The Holman Rule: Congress vs the bureaucrats

CPI Staff — Sunday, August 19, 2018

Arcane procedural maneuvers are usually reserved for the Senate. But this week in the House, Rep. Paul Gosar (R-Ariz.) resurrected a House rule from 1876 in a bid to take down a bureaucrat.

On Thursday, the House considered Gosar’s amendment to reduce the salary of Mark Gabriel, the Administrator of the Western Power Administration, to just $1. Gabriel has faced criticism for his handling of embezzlement within the administration, for alleged whistleblower reprisals, and for spurning congressional attempts at oversight.

In a letterto his colleagues, Gosar described the issue this way:

 On Gabriel’s watch, criminal activities occurred and millions of dollars were spent on fraudulent and improper transactions. The Western Area Power Administration has done nothing but slow-walk investigations, cover-up fraud and intimidate anyone who is bold enough to call it out. It’s time for the Department of Energy to clean house and show this Obama holdover the door. This common-sense amendment seeks to hold this rogue bureaucrat accountable to the American people and the victims that have suffered under his tenure.

In his effort to force punitive action on Gabriel, Gosar turned to the Holman Rule.

The measure, created in 1876 by Rep. William Holman (R-In.), allows lawmakers the ability to cut salaries of individual federal employees through floor amendments. This bill was rescinded in 1983 but reinstated by the current Congress.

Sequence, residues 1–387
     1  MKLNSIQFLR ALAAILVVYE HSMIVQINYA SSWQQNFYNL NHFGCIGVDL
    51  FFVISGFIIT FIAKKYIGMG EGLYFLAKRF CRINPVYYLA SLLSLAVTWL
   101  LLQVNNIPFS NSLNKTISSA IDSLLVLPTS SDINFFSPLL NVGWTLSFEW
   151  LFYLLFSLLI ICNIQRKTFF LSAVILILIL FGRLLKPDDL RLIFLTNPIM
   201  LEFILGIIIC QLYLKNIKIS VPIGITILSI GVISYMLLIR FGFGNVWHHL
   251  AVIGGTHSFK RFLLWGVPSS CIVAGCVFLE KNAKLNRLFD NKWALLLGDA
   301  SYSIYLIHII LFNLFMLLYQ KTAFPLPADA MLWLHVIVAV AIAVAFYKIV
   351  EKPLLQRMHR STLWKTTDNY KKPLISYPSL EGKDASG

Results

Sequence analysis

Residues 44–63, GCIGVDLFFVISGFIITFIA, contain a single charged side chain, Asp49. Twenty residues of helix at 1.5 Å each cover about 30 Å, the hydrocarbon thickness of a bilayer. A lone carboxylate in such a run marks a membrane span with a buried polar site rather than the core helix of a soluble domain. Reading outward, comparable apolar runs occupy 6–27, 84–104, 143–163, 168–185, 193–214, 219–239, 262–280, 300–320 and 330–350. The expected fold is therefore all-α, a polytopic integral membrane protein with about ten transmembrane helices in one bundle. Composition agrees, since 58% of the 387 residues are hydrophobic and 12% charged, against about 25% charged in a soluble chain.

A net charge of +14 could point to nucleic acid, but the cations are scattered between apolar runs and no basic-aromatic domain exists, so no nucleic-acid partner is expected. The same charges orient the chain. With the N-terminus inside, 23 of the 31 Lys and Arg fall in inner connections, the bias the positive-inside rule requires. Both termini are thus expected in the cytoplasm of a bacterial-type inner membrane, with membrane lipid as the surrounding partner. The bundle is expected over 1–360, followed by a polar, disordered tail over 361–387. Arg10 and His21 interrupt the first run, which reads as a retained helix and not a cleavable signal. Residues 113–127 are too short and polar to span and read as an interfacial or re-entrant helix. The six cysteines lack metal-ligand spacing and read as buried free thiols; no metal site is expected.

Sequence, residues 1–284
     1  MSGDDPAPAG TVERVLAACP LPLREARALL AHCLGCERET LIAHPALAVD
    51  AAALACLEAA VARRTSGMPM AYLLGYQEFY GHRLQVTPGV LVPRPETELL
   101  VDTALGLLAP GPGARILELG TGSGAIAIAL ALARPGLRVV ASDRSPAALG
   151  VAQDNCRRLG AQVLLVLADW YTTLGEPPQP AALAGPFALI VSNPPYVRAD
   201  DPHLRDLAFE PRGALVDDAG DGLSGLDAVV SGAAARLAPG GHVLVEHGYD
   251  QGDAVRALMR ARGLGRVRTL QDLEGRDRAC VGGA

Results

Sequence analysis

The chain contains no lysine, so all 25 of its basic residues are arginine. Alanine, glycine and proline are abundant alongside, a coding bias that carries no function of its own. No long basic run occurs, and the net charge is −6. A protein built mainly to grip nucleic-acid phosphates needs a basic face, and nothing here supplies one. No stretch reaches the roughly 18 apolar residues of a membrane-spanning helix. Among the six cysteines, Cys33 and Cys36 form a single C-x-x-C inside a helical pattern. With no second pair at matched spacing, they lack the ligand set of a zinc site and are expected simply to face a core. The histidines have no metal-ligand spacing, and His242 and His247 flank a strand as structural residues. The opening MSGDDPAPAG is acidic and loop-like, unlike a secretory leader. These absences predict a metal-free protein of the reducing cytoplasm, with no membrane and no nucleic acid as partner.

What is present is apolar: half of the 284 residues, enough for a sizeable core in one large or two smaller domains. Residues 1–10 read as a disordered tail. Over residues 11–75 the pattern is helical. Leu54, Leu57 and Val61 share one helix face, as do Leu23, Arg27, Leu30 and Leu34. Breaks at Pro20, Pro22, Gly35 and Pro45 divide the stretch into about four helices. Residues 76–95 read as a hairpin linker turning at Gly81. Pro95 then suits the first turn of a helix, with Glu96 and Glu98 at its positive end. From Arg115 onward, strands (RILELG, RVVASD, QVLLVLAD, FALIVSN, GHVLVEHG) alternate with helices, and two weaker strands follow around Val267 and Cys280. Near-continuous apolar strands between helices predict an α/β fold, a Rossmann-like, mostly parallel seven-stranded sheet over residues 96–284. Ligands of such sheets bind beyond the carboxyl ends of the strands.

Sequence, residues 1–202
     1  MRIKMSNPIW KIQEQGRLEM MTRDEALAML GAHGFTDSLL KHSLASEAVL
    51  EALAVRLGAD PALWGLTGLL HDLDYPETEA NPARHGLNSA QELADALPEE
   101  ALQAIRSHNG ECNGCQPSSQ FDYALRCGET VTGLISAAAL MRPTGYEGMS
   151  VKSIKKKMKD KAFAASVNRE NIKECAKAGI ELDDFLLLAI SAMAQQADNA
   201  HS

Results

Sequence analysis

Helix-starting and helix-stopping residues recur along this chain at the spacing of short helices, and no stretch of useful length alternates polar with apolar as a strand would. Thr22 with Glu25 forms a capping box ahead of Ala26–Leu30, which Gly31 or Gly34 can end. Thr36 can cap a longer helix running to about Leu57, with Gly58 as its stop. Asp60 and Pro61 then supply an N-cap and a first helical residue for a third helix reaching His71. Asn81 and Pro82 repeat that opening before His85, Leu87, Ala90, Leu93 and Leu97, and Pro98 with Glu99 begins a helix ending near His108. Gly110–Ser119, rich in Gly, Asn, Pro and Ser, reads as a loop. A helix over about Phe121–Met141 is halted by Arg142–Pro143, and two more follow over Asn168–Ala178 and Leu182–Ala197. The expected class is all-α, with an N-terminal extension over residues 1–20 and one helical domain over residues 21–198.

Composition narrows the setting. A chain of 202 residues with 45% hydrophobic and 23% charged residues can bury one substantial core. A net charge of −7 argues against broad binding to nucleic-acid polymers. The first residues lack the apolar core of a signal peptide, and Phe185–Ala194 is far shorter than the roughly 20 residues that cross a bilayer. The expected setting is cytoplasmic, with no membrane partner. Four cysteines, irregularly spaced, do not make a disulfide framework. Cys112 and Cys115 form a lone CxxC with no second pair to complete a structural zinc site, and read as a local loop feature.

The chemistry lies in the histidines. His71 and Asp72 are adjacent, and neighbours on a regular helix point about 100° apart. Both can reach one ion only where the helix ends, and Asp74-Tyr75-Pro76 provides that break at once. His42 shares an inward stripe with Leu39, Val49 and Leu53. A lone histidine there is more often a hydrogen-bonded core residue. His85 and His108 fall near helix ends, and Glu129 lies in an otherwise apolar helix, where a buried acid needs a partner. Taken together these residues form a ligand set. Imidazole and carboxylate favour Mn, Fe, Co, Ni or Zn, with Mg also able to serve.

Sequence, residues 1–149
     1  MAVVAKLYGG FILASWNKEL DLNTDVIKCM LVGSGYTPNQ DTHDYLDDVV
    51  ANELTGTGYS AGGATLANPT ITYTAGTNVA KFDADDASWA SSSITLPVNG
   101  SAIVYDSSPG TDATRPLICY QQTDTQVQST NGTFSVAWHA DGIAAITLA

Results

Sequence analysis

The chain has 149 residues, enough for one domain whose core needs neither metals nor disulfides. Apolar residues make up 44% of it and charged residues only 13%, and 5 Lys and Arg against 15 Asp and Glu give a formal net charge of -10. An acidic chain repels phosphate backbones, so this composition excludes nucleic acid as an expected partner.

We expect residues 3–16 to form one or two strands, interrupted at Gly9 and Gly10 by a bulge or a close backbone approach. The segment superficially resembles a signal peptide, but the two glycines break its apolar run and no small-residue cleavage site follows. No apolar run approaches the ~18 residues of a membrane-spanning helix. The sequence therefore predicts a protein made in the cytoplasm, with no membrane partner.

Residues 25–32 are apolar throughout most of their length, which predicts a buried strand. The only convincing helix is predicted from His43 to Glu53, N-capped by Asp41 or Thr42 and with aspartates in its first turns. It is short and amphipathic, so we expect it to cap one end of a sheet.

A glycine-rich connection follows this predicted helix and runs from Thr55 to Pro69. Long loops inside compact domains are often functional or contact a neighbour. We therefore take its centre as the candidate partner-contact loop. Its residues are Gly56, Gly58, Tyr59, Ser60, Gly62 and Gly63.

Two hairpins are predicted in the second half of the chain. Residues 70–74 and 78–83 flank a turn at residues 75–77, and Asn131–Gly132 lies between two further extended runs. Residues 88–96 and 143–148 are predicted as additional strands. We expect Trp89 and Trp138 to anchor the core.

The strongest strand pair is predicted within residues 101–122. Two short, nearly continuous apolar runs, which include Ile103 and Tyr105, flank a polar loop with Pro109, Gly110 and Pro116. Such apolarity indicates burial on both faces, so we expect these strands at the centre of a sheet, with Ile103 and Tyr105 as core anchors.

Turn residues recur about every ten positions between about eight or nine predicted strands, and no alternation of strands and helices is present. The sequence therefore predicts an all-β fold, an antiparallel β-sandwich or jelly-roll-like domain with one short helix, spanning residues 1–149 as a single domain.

Gosar is the first Member of Congress to utilize the rule this year, and recently introduced an amendment to a House appropriations bill that, under the Holman Rule, took Gabrial’s salary from six-figures to just $1.

On June 7, 2018, the amendment failed by a vote of 139 to 270. You can see how Members of Congress voted here.

Use of the Holman Rule represents a return to the Article I authority of the Congress – that is, the exclusive ability for the Congress to legislate, which is distinct from the judicial and executive branches. Vested in that legislative authority is the power to control how federal funds are spent.

With that in mind, Members of Congress should see the Holman Rule as critical tool in performing their oversight function over the rest of the government. More broadly, however, it is an important part of reclaiming Article I powers for the legislative branch, many of which have been purposefully as well as unintentionally ceded to the executive and the judiciary.

The Holman rule may be arcane, but its use this week demonstrates how relevant it remains to the ability of Congress to perform its constitutional duty.